Svetlana Boginskaya

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Svetlana Boginskaya
— Gymnast —
Full name Svetlana Leonidovna Boginskaya
Alternative name(s) Svyatlana Leanidaŭna Baginskaya (Святлана Леанідаўна Багінская)
Nickname(s) Belarusian Swan, Goddess of Gymnastics
Country represented  Belarus
Former countries represented Olympic flag.svg Unified Team,  Soviet Union
Born (1973-02-09) February 9, 1973 (age 42)
Minsk, Soviet Union
Height 157 cm (5 ft 2 in) (5'2")
Discipline Women's artistic gymnastics
Head coach(es) Ludmilla Popkovich
Former coach(es) Lyubov Miromanova
Retired 1997

Svetlana Leonidovna Boginskaya (Belarusian: Святлана Леанідаўна Багінская; born February 9, 1973) is a Soviet/Unified Team/Belarusian gymnast. She was called the "Belarusian Swan" and the "Goddess of Gymnastics" because of her height, balletic grace, and long lines. Her last name derives from "boginya" ("богиня") literally meaning "goddess" in Russian. She is especially renowned for the drama and artistry she displayed on floor exercise. Boginskaya is a three-time Olympic Champion, winning an individual gold medal in Vault at the 1988, and team golds in 1988 and 1992.


Boginskaya was born in Minsk. She was a figure skater for several years, but began gymnastics at age six. Two years later, she moved from Minsk to train full-time at the Moscow Round Lake Gymnastics Center. By age fourteen she was a member of the Soviet national team. She won her first medal, a bronze for balance beam, during the 1987 World Championships. She became one of the best gymnasts on the Soviet team and was expected to place very well at the 1988 Olympic Games in Seoul, South Korea. She finished the games with four medals - team gold, gold on Vault, silver on the Floor and the All-Around bronze.

However, the joy from her success would be short-lived. Boginskaya's long-time coach Lyubov Miromanova committed suicide just three days after the Olympics. Miromanova had been a surrogate mother to her, as she coached and cared for Boginskaya since she moved from Minsk to train full-time in Moscow. Boginskaya has always been reluctant to discuss this devastating time in her life. To this day, the reason for Miromanova's suicide remains a mystery.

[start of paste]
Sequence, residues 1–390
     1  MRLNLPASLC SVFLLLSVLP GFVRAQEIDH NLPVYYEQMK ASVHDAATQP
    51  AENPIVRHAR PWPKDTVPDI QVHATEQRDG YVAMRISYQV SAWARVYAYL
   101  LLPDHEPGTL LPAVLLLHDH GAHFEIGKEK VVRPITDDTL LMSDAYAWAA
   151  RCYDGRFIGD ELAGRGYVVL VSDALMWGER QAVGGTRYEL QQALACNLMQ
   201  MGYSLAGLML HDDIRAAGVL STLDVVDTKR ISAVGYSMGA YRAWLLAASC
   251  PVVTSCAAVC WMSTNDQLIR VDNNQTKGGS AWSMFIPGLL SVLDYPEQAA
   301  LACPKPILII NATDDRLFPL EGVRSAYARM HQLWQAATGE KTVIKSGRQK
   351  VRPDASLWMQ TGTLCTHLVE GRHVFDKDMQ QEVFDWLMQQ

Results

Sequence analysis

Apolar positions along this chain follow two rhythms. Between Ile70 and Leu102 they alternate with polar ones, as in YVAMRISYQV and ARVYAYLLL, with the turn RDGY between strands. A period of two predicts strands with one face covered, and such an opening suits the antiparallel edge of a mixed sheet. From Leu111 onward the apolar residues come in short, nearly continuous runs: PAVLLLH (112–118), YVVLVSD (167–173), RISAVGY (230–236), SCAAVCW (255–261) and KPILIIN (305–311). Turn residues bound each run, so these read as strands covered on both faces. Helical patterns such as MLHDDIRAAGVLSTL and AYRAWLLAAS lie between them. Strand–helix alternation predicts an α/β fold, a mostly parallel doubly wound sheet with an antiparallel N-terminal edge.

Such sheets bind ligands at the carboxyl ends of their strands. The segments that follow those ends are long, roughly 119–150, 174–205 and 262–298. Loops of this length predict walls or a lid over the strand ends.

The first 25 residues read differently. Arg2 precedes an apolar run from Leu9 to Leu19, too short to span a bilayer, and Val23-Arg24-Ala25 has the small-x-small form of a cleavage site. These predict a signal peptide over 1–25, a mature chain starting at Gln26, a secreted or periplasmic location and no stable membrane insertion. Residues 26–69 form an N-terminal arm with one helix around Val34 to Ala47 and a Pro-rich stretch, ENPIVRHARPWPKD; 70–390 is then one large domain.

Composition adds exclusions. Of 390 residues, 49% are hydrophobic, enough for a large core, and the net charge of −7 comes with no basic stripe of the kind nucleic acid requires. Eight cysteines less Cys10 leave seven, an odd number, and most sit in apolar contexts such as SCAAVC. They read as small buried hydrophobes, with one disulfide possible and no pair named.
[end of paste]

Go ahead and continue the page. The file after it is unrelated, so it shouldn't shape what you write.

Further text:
Boginskaya pressed on, and began training with a new coach, Ludmilla Popkovich. Under her tutelage, Boginskaya became World Champion in 1989 and later dedicated her performance to her late mentor.

In 1990, Boginskaya became only the third woman to sweep the European Championships (after Věra Čáslavská of Czechoslovakia in 1965 and 1967, and Ludmilla Tourischeva of the USSR in 1973), winning the gold medal in every individual event. In doing so, she defended her titles in the All-Around, Vault, and Floor Exercise, and added titles in the Uneven Bars and Balance Beam. In 1991, in a controversial finish, Boginskaya fell short of defending her world title, losing the gold medal to Kim Zmeskal of the United States. However, she earned gold medals in the Team and Balance Beam competitions.

In 1992, Boginskaya, then 19 years old, had a disappointing performance at the 1992 European Championships, falling on her final event, the floor exercise. She finished in fifth place, while her young teammate Tatiana Gutsu won the all-around title. Nevertheless, she won the balance beam title with a score 9.95, and remained a favorite to win the all-around title at the 1992 Summer Olympics in Barcelona, Spain.

Gymnastics fans anticipated a duel between Boginskaya and her nemesis, American Kim Zmeskal. However, while Boginskaya won her third Olympic gold medal in the team competition, she finished fifth in the Individual All-Around. Zmeskal finished twelfth. Instead of the anticipated showdown between Boginskaya (who was awarded a controversially low score on the uneven bars) and Zmeskal (who faltered on floor and beam in the all-around), Tatiana Gutsu and Shannon Miller provided one of the most dramatic competitions in Olympic history.

Boginskaya retired after the 1992 Olympics, but decided to make a comeback in 1995. She said that she was inspired by Katarina Witt who had made a memorable comeback of her own at the 1994 Winter Olympics. She moved to Houston, Texas to train with Béla Károlyi[1] and upgraded her difficulty. In 1996 the 23-year-old Boginskaya nearly won the European All-Around Title, placing second behind then defending World All-Around Champion (and future Olympic All-Around Champion) Lilia Podkopayeva of Ukraine. She then progressed to the 1996 Olympics in Atlanta where she was one of a number of 'older' gymnasts competing. Boginskaya led her Belarus team to sixth place and competed in the all-around and vault finals, though medals were not forthcoming.